Others will council you differently (Will did recently) but I personally think having a charcoal or navy DB solid as number 1 or 2 in your rotation is perfectly fine on someone who is made to look ridiculously skinny from the slimming effects of a dark coloured SB suit. This is one instance where it is almost mandatory to own a DB suit.
 

Jared

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Originally Posted by Sator
For the dropped shoulder a tailor should be able to easily adjust the lengths of your sleeves. I have the same problem, if not quite as pronounced. My tailor says the majority of people do.
That's because the majority of people have neck and shoulder problems. My dropped shoulder has noticably decreased from a week and a half of doing the prescribed stretches! I'm really glad I declined my tailor's offer to cosmetically correct the problem...
 

Sartorian

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Thanks for the added input.

I may have some neck imbalance, but I'm fairly certain my arms are just different lengths, also. I determined this originally during stretching (yoga), and by putting my arms down and straight in front of me and looking in the mirror. My muscles are certainly imbalanced from playing tennis (this is common).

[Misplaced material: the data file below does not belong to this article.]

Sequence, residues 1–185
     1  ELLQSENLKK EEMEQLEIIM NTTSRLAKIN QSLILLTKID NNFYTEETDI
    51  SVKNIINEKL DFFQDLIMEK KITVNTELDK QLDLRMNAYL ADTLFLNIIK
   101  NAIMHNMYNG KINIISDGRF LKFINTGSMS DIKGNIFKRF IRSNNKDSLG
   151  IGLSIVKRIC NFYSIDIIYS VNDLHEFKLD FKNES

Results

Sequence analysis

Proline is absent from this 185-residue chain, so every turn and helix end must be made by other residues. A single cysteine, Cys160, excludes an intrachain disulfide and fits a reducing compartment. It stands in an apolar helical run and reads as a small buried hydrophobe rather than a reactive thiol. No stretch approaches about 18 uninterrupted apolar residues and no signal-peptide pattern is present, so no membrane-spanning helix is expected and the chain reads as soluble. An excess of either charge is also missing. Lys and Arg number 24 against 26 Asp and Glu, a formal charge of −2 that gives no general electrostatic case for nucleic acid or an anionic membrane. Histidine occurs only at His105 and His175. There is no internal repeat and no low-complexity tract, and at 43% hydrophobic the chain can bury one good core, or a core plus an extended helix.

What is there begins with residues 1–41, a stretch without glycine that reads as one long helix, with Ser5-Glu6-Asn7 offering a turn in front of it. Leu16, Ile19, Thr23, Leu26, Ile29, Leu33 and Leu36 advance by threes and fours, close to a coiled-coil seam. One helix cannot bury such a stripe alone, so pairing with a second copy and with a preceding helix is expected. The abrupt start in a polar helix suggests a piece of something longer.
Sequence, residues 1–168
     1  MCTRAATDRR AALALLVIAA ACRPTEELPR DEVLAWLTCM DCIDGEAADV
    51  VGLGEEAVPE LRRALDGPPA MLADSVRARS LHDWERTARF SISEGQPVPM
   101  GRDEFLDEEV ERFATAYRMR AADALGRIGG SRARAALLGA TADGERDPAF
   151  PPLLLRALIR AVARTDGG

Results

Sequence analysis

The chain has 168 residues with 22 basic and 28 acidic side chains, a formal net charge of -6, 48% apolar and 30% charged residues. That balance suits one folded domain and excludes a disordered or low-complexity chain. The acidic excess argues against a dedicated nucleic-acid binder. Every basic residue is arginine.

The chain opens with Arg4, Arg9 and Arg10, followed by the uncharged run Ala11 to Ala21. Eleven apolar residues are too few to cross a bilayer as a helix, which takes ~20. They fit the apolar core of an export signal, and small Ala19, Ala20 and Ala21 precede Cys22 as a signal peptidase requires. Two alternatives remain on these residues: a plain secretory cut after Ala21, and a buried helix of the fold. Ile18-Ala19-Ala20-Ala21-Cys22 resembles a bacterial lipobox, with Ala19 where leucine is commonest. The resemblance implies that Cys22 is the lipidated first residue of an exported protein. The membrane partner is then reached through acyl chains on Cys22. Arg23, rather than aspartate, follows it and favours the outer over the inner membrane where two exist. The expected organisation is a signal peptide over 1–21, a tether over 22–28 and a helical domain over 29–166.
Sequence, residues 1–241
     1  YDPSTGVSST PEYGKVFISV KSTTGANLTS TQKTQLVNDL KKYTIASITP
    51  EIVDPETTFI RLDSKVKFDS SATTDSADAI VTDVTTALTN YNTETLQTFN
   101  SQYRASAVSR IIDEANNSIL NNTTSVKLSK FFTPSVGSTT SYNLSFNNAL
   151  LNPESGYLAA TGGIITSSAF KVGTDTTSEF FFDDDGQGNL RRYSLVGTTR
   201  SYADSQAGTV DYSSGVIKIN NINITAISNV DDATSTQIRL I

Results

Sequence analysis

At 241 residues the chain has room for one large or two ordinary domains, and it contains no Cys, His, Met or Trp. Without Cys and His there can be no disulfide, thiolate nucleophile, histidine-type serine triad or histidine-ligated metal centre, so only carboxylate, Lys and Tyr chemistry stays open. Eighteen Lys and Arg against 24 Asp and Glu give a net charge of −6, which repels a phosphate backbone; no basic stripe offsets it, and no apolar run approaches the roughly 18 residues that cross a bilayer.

I had read that it was possible for bones to 'deform' from repetitive physical motions: this is why forensicists can determine certain peoples' occupations from looking at their bodies. I think the classic example is waiters/waitresses, who often develop an bump on one of their feet bone from balancing heavy objects against their hips and compensating with their feet. I actually kind of thought some of the added length had come in my fingers and wrist, as this the major area of stress when I swing my racket. Of course, my shoulder muscle is overdeveloped on the right side.

But basically, the sleeve IS longer on one side than the other; perhaps the tailor messed up and just didn't shorten them evenly. Either way, the disparity irritates me and feels imbalanced when I wear the suit.


As far as DB suits go...hmmm. I really dislike DB suits. I had a short phase of liking them in high school, but that quickly faded. And I read somewhere a while back (maybe GQ), that skinny people should never wear them, that they were better for other body types. Doesn't the added material make for a stiffer-hanging, blockier look, esp. on a thin frame?

What's a window pane? Nevermind, I'll go look it up.


BTW, what is the minimum price one finds fully-canvassed suits for? I've read up on them and understand what they are, and I think one of the reason I like the fit of my one suit is that it's fully canvassed. It just feels not cheap.